Recently Autism Daily Newscast printed a story about #MSSNG, an awareness campaign launched by Autism Speaks to gain support for their initiative to develop the world’s largest database of sequenced genomic information on individuals diagnosed with autism spectrum disorder.
Autism Speaks is partnering with Google to create an open database containing genetic information from over 10,000 individual with autism that can be used in future research geared towards discovering any genetic components of the disorder.
The #MSSNG campaign has sparked the ire of many adults in the autism community, including author John Elder Robison. Mr. Robison’s objections to the campaign are not against the research itself, though he does explain why he believes this project will not be particularly helpful to individuals who are currently living with autism, but rather against the use of #MSSNG as a tool for awareness. In a blog post dated Dec. 9, 2014, he writes,
“I’ll bet every autistic kid in America knows how it feels to be told we were missing some of our marbles growing up, and reminding us of that in the context of a research initiative is at best insensitive and at worst seriously offensive.”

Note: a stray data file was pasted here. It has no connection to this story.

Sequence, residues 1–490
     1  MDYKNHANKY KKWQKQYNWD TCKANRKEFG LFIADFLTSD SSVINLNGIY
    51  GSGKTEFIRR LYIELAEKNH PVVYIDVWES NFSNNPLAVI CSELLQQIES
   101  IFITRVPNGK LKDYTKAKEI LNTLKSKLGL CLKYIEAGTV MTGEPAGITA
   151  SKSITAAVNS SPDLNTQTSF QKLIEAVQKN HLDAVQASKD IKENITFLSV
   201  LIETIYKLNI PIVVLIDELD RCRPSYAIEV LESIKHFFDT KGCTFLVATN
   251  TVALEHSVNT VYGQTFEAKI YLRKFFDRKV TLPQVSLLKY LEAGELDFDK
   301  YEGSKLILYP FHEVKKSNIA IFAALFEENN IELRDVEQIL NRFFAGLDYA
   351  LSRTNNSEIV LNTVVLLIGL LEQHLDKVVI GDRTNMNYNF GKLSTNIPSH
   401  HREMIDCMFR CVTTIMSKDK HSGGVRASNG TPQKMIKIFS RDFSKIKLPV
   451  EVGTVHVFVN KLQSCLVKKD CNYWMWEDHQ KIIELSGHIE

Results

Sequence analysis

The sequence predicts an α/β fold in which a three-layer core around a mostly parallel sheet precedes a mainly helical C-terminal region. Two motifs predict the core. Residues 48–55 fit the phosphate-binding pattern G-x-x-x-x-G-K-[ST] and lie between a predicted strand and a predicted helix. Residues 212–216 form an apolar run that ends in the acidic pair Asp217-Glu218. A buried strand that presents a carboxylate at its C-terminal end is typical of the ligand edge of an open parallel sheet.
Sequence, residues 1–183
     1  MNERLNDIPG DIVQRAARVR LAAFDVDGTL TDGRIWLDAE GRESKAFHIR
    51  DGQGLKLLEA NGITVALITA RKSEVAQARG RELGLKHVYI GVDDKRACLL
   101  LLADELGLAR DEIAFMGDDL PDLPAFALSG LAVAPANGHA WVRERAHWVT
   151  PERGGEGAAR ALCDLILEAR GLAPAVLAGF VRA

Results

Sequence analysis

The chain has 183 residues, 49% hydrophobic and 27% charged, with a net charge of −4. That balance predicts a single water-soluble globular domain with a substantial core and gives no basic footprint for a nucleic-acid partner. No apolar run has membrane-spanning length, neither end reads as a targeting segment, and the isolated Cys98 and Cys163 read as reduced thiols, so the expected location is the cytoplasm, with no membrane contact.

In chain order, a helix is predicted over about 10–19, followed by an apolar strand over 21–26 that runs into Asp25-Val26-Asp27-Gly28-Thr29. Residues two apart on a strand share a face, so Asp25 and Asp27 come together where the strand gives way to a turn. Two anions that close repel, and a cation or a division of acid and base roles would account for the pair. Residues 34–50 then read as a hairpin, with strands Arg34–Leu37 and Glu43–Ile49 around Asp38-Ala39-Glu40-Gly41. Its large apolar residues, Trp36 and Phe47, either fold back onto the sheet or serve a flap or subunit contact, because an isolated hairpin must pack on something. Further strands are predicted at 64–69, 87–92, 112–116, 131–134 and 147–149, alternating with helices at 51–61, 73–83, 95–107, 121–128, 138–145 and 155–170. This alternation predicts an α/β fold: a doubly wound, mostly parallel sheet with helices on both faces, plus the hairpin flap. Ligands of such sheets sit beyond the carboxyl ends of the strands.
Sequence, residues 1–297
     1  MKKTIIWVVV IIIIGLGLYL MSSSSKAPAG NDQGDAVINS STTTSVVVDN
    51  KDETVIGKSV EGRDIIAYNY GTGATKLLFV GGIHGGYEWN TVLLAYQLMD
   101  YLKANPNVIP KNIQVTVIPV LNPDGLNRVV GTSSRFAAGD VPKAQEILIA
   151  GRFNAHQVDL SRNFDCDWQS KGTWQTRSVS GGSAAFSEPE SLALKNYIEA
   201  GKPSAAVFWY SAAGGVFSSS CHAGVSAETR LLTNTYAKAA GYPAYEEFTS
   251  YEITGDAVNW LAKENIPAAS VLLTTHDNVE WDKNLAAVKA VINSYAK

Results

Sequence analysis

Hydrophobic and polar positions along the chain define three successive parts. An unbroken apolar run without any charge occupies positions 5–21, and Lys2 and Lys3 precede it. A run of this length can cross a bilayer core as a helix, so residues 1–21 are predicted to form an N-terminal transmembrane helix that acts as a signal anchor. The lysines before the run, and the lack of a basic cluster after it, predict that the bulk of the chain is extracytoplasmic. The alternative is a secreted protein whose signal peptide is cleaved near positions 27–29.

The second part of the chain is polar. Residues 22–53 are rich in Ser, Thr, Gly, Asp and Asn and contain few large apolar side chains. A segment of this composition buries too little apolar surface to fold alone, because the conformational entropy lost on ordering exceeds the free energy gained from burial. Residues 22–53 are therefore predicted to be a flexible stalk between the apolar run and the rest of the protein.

He goes on to say,
“Genetics is important. But it is not job #1 for this community. . . We should not be trying to ‘solve the autism riddle.’ We should not be ‘looking for missing pieces of the autism puzzle’. We should be Helping Autistic People – Right Now.”
Other took to social media to express their discontent. The counter-hashtag #NOTMSSNG has been trending on Facebook and Twitter, spreading awareness of the autistic community’s anger at being characterized as “missing” or “not all there.” The organization Boycott Autism Speaks launched a meme stating, “Autism Speaks has launched, “Missing”, a new highly publicized assault of the humanity of autistic people. Join #Boycott Autism Speaks on Friday on Twitter as we occupy their hashtag #MSSNG and answer with #NOTMSSNG.”
Individuals and organizations alike took to Twitter to express their discontent. Common themes included “I am not missing” or “I am only missing from the discussion at Autism Speaks.” Many also expressed concern over Autism Speaks’ tendency to characterize autism as a disease, and as a condition that needs to be obliterated.
The rift between Autism Speaks and certain adult advocacy groups is nothing new, and it’s clear that the two camps will not be finding common ground anytime soon. While the genome project may have long-term benefits to the autism community, the choice of #MSSNG as a marketing tool has clearly struck a nerve. Many feel that the lack of representation by individuals with autism is to blame.
John Elder Robison says,
“So what can we do, to avoid more public relations debacles like this, which hurt us all? We can bring autistic people into positions of authority in all the agencies who speak for and about the autism community, and who fund research into autism.”